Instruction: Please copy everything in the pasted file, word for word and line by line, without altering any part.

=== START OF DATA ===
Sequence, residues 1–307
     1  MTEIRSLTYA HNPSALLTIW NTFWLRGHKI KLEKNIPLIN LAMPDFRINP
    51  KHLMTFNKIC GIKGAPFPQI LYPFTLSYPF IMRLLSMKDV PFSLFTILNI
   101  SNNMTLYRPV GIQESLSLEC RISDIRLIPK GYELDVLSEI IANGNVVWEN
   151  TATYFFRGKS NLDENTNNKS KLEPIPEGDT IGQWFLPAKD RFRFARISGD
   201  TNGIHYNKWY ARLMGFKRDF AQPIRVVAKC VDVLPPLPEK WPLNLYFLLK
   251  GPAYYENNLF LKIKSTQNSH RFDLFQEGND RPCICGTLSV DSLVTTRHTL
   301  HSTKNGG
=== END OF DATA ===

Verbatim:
Sequence, residues 1–307
     1  MTEIRSLTYA HNPSALLTIW NTFWLRGHKI KLEKNIPLIN LAMPDFRINP
    51  KHLMTFNKIC GIKGAPFPQI LYPFTLSYPF IMRLLSMKDV PFSLFTILNI
   101  SNNMTLYRPV GIQESLSLEC RISDIRLIPK GYELDVLSEI IANGNVVWEN
   151  TATYFFRGKS NLDENTNNKS KLEPIPEGDT IGQWFLPAKD RFRFARISGD
   201  TNGIHYNKWY ARLMGFKRDF AQPIRVVAKC VDVLPPLPEK WPLNLYFLLK
   251  GPAYYENNLF LKIKSTQNSH RFDLFQEGND RPCICGTLSV DSLVTTRHTL
   301  HSTKNGG